One of the most common themes I hear is unequal affection between two spouses. Everyone wants to feel special, valued, and understood. And when enough times go by that your spouse doesn’t feel these things, they will probably tell you. Sometimes he tells you in words. Other times it tells you with actions. Sometimes you get both actions and words. This can seem very unfair when, in your mind, you love him very much and do your best to show it to him.
A wife might explain this kind of scenario: “My husband has always been insecure in our relationship. I think he’s handsome, but he’s not. He’s always said that people probably don’t know what I see in him.” It’s true that I had a lot of boyfriends before him and men still look at me quite often. But I honestly try not to realize this, because I don’t care. I’m married. I’m engaged. So far as far as I’m concerned, you don’t need to think about this. But my husband thinks about it a lot. And it seems that he himself has convinced himself that I do not love him enough. She has many friends and co-workers who are married to younger second wives and these bimbos fall in love with her husband and bow down to his every whim. I would never do that. I have more intelligence and dignity than that. I tell my husband that I love him all the time. We have been married for many years, so obviously this would not be the case if I did not love him. Still, he will point out times when ys wasn’t attentive enough or where I didn’t pamper him enough or notice something was going on with him. He was angry that I didn’t get off work to attend a conference with him. If I don’t ask him about an important presentation at his work, he says I don’t care enough to realize what’s going on in his life. This is kind of silly to me as I have my own work life and I certainly don’t expect him to know everything that goes on in my own work or to react to it. However, I feel like I have to listen to him because more and more he’s started making little comments about the breakup or just accepting the fact that he should have known all along that our marriage would never work out. I want our marriage to work, but I still think his claims are silly. I love him more than enough, but he is insecure and has it in his head that he is not attractive or that he does not deserve me. Your perceptions are not my fault. “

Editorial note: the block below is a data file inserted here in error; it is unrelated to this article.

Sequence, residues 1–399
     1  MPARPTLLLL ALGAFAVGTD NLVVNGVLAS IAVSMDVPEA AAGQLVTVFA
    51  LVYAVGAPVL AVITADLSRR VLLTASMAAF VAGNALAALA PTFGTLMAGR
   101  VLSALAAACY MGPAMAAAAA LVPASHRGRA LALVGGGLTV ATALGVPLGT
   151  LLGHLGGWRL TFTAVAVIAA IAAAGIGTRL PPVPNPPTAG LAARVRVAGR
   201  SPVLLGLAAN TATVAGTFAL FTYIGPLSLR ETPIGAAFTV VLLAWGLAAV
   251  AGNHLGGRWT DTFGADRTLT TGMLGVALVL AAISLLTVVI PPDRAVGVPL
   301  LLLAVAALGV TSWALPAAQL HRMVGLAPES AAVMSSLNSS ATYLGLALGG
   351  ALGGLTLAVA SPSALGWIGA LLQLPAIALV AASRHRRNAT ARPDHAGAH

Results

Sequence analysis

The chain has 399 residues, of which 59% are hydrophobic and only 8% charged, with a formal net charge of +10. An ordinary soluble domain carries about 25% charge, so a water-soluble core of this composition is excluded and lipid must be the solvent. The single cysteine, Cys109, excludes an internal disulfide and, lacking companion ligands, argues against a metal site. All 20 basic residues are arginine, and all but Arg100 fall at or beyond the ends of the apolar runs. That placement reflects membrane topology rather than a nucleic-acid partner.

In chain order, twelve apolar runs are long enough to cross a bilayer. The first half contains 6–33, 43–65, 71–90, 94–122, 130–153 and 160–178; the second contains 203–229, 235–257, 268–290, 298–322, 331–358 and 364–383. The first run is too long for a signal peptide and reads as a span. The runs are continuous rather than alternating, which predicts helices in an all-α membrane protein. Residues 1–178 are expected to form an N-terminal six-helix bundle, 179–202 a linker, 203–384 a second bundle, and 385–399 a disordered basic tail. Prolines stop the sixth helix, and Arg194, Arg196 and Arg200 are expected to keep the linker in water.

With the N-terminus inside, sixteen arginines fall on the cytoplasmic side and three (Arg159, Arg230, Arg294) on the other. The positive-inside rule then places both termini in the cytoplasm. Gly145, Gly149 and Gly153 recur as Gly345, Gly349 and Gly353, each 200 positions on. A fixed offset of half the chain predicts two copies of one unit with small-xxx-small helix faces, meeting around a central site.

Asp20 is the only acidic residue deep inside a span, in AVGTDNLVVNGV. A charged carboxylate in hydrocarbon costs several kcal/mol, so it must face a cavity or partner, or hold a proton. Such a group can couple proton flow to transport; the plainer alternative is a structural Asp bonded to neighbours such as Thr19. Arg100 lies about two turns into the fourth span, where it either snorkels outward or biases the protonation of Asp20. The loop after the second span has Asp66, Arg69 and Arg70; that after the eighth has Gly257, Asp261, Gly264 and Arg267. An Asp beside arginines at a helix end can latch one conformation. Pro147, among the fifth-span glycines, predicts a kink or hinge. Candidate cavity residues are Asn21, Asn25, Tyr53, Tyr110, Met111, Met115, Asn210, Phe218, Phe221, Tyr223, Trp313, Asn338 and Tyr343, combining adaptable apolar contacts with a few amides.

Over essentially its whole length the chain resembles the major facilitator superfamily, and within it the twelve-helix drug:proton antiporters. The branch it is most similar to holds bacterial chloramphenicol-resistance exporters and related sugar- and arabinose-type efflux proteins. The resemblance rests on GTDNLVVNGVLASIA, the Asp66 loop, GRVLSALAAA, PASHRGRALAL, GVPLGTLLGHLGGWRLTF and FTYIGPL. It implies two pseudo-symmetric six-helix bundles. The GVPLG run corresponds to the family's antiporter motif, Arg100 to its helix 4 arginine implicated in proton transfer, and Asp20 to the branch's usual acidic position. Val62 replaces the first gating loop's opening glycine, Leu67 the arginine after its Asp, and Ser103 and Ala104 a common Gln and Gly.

I can understand your frustration. It can be upsetting to see someone project their own values onto you when you really don’t deserve it. It’s certainly not your fault that you’ve always felt a little unsure of yourself. Still, at the end of the day, you have to ask yourself what would be worse: potentially separating or divorcing and not having your spouse at all or finding little ways to boost your confidence and make you feel loved. If you are still interested in your marriage, it is probably the latter.
Sometimes you don’t need to go overboard to boost your confidence and show a little more affection. Sometimes all you’re looking for is effort. It’s certainly worth trying, every day, to notice something to compliment you on. This is a very small endeavor that can pay huge dividends. You should also make sure to show physical affection regularly. Brushing his hand, putting his arm around him, or giving him a hug or kiss takes literally a few seconds, but it can mean that you hear him complain a lot less.
I know it is probably very tempting to try to make him see that he is being very petty and insecure. But honestly, this kind of conversation could make you even more insecure. The best antidote to an insecure spouse is to try to build your confidence. I know this may seem like you’re giving her exactly what she wants, but try to see it from her side. How would you feel if you thought that he is more handsome than you and if you perceived that everyone thinks that you are not good enough for him and that you do not deserve him? Perhaps this is how your husband feels right now. Add that to the fact that he does not perceive that you are showing him the affection he wants, and it probably hurts him quite a bit (whether it is justified or not).
If you can keep reminding yourself that his pleas are based on your own fear and not on a true and accurate reflection of yourself, then it is easier to approach him with empathy and patience. Just remember that at the heart of this is a person who, deep down, is afraid of losing you. This perspective makes it easier to offer you peace of mind. That is potentially all you are looking for, although your method is not very good.